CLASSROOM APPLICATION: Questions ask students to understand the nature of credit trading schemes to support innovation in fuel industries and the need for auditing the certificates sold in these schemes.

    1. (Introductory) Summarize the government mandates described in the article that are helping to achieve growing levels of alternative fuel production. When were these programs put into place?

    2. (Introductory) Refer to the graphic entitled "Power Play." How long has it taken to see increasing production of alternative fuel relative to when U.S. Congress first initiated quotas for these fuels?

    3. (Advanced) How do the government systems over biomass fuel production require an audit verification process?

    4. (Advanced) Refer to the article description of Absolute Fuels of Lubbock, TX. What evidence indicates fraud may have occurred behind this company's sale of credits for biofuel production to large oil producers?

    5. (Advanced) What audit steps could be taken to identify these fraudulent practices? Who should be responsible for undertaking these audit steps? Explain your answer.

    Reviewed By: Judy Beckman, University of Rhode Island


    "Fraud Fears Put a Chill in Fuel Program," by Ryan Tracy and Ben Lefevre, The Wall Street Journal, August 10, 2012 ---

    A government program designed in part to foster innovative new producers of alternative diesel fuels is now endangered by fears of burgeoning fraud.

    Congress in 2005 and 2007 set mandates requiring major oil refiners to purchase credits representing gallons of diesel-motor fuel made from alternative sources, such as cooking oil and soybeans. The idea was to jump-start a new industry by attracting start-ups that otherwise would have trouble competing on price with established biodiesel producers.

    But federal charges that two small producers passed along worthless credits—and warnings that more cases could be coming—have spooked major buyers, threatening the viability of the small companies trying to gain a foothold.

    One company fearing the fallout is New Leaf Biofuel in San Diego, which makes diesel from used cooking oil collected at area restaurants. "We are nowhere near the margins that we had," said Chief Executive Jennifer Case, citing the case of a trash hauler with hundreds of trucks that backed away from doing business with her company.

    "The current issues as well as the future fraud threatens tens of thousands of jobs in the renewable-fuel industry," said Thomas Paquin, president of biofuel marketer VicNRG LLC, in testimony before Congress last month.

    When a producer such as New Leaf produces a gallon of alternative diesel fuel from sources deemed renewable by the EPA, it simultaneously creates a tradable credit representing roughly that amount of production, which is then assigned a 38-digit number.

    Big refiners can buy the credits to fulfill their legal requirements for biodiesel output, but at the moment they are offering low prices or nothing at all for credits from little-known producers that are perceived as risks for offering fake numbers.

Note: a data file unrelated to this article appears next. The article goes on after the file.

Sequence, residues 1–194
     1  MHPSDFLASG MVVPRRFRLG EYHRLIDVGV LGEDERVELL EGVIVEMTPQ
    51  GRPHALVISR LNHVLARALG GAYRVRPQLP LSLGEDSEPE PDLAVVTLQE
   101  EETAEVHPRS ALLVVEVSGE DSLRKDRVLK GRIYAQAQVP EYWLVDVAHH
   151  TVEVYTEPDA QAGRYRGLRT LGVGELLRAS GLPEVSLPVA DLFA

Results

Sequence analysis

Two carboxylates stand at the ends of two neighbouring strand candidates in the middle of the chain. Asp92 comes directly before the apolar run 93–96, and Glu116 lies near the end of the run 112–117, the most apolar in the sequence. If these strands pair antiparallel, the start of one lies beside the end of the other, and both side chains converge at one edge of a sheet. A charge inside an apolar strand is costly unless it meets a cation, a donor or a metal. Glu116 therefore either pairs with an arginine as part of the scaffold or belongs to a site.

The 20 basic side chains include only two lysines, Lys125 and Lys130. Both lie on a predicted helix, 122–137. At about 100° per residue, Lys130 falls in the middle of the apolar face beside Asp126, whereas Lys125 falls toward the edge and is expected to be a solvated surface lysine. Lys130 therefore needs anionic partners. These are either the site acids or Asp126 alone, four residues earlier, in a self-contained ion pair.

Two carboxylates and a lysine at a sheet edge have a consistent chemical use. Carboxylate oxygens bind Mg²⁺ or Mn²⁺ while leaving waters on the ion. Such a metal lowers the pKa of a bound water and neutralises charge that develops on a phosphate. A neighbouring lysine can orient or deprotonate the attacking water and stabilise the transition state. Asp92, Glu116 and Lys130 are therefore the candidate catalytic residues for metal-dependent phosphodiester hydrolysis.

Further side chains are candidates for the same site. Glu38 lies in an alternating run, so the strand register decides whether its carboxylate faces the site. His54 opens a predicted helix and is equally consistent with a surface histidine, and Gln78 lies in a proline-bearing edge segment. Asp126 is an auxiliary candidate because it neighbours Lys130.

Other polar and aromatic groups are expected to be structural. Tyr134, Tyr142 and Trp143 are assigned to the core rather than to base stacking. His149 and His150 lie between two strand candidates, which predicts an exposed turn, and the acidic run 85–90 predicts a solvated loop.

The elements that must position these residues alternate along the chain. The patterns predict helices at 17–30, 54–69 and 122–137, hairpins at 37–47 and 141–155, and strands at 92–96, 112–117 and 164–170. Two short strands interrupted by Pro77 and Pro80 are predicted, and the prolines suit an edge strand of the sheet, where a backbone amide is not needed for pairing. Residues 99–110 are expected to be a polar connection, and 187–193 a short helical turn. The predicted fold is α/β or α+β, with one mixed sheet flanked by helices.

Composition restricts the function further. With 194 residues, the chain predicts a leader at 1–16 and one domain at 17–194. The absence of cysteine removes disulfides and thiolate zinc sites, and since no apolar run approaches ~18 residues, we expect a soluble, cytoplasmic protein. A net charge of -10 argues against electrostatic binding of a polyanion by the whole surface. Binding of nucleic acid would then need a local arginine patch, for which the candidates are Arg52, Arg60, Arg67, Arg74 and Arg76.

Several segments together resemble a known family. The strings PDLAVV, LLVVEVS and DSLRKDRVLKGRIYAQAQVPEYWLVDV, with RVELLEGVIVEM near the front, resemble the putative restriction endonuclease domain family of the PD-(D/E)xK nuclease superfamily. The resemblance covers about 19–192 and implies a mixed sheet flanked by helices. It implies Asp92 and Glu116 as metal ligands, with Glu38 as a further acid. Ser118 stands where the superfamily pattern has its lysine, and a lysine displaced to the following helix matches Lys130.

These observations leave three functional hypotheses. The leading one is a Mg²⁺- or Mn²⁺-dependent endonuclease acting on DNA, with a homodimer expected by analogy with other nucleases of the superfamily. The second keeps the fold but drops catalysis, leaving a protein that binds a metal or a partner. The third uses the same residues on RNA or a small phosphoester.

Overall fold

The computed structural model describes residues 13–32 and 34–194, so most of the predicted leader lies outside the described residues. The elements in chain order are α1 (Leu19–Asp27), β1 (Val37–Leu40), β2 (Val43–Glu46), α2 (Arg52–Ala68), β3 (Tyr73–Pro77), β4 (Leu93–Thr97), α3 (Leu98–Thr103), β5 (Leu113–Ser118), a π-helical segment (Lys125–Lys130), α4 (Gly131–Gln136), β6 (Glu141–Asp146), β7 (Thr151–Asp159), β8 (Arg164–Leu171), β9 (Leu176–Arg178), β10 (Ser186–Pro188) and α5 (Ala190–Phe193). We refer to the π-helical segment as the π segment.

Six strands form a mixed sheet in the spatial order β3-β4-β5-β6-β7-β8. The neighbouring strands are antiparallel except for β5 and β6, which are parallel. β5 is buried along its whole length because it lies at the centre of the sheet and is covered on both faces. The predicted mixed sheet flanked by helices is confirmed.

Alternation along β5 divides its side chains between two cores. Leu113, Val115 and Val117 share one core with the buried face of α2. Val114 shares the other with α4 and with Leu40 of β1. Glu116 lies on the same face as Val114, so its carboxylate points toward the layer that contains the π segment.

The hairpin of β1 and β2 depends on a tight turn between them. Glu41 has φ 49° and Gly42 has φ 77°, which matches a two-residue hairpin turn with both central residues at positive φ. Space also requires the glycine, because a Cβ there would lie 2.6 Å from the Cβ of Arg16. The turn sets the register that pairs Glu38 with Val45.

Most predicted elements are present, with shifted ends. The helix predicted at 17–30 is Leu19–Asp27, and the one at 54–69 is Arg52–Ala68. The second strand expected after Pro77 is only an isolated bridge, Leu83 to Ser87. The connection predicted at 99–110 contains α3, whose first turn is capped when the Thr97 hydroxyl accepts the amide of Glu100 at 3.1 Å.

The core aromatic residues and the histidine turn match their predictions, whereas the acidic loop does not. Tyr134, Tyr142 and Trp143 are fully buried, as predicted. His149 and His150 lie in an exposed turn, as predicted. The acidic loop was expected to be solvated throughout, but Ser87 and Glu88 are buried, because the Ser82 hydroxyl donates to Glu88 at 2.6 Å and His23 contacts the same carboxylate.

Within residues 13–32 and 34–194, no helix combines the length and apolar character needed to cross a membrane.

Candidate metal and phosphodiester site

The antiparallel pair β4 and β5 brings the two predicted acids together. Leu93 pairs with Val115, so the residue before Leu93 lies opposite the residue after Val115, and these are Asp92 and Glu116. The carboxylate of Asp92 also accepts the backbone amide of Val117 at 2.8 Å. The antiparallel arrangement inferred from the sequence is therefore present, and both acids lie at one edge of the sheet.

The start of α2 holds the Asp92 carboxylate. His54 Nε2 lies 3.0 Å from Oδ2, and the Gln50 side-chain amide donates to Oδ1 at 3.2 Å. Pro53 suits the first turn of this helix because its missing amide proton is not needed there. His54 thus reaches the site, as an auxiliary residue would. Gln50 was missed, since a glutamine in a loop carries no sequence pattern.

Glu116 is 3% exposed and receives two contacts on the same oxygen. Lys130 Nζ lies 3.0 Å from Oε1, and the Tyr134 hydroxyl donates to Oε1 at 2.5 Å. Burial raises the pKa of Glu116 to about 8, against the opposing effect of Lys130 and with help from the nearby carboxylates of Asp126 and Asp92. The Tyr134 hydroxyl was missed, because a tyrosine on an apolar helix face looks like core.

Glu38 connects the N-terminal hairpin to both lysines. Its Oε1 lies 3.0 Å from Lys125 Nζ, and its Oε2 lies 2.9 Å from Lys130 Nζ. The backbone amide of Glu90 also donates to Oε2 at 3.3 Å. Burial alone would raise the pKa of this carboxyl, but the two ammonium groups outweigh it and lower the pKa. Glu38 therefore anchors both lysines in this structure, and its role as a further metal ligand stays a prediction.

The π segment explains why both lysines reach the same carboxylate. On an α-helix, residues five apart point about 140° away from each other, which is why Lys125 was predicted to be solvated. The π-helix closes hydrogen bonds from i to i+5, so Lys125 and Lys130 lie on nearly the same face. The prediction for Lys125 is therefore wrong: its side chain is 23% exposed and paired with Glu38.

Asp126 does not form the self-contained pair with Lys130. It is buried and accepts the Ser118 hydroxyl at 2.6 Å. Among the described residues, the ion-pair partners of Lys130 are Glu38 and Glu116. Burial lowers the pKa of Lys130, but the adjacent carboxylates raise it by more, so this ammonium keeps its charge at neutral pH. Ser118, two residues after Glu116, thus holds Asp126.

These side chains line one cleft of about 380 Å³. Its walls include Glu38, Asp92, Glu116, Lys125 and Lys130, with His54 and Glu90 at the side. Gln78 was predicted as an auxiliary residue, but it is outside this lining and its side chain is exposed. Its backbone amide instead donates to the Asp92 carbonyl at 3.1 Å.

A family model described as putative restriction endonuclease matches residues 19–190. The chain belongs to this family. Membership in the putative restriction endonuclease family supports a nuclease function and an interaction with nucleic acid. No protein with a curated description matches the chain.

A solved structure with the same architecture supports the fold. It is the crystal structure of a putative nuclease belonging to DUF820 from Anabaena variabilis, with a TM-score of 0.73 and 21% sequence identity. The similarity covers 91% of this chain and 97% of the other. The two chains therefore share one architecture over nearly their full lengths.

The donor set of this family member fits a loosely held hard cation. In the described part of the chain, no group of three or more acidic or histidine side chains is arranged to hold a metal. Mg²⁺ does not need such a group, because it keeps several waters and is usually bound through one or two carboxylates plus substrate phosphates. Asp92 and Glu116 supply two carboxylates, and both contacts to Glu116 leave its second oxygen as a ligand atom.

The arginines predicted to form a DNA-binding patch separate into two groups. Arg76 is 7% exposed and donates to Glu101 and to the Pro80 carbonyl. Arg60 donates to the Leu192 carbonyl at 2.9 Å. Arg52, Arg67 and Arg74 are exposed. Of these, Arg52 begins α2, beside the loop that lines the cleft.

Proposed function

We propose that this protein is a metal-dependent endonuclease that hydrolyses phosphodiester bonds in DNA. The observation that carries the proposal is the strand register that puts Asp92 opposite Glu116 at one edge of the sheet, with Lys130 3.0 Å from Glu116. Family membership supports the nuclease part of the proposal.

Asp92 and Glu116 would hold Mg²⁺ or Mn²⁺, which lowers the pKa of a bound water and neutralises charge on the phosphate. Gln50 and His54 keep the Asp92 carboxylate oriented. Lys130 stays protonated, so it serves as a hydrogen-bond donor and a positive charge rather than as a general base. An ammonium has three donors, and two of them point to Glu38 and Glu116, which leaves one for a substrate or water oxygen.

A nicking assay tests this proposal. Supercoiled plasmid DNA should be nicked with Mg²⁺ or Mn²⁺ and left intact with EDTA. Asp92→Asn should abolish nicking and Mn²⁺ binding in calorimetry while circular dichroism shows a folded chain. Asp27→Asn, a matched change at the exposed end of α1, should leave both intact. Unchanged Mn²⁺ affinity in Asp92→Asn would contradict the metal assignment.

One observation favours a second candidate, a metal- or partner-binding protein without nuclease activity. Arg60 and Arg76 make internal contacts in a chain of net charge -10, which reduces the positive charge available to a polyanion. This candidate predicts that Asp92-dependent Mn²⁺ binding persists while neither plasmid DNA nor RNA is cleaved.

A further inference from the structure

Allegedly bogus numbers are at the core of the federal cases.

    In December 2010, a Lubbock, Texas-based company, Absolute Fuels, sold about $1 million worth of numbers representing an equivalent amount of biofuel output to Tesoro Corp., one of the country's largest oil refiners, according to affidavits filed by a Secret Service investigator in federal court. Tesoro said it believed the numbers were valid and has turned in additional numbers to the EPA to replace those it bought from Absolute.

    The trade capped a big quarter for Absolute, which had closed similar deals with other big refiners. On Jan. 5, 2011, the firm registered a Gulfstream G-1159A multi-engine turbojet worth $2.5 million, according to documents filed by the Secret Service in federal court in Texas. Two months later, Environmental Protection Agency inspectors visited the Absolute factory and discovered the facility didn't appear to be producing any fuel, the documents said.

    Jeffrey Gunselman, Absolute's chief executive, was arrested last month and pleaded not guilty to the fraud charges, said his lawyer, Dan Cogdell. Mr. Cogdell said Mr. Gunselman has cooperated with investigators and that he was "instrumental in turning over tens of millions of dollars to the government during this investigation."

    The case against Mr. Gunselman is still pending.

    Rodney Hailey, owner of Maryland's Clean Green Fuel LLC, was convicted June 25 of fraudulently selling about $9 million of phony credits and is awaiting sentencing. His lawyer, Joseph Evans, says Mr. Hailey isn't guilty. Mr. Evans said an appeal was possible and that the government intends "to crush him beyond reason, even assuming that he did absolutely everything that they said he did."

    Under EPA rules, refiners that purchase phony credits are on the hook to replace them. According to an estimate by VicNRG, the biofuel marketer, the $140 million of allegedly fraudulent credits identified by the EPA so far would cost more than $200 million to replace at current market prices.

    While the market turmoil could temporarily help some established producers get higher prices for their credits, it could have negative longer-term effects for the alternative-fuel business. If too many producers drop out of the market, total output may fall short of the EPA's target of about one billion gallons a year.

    Continued in article

    Bob Jensen's Fraud Updates are at

  • Dov Fischer

    Excellent approach towards teaching IFRS.

  • Valerie Williams

     Will be there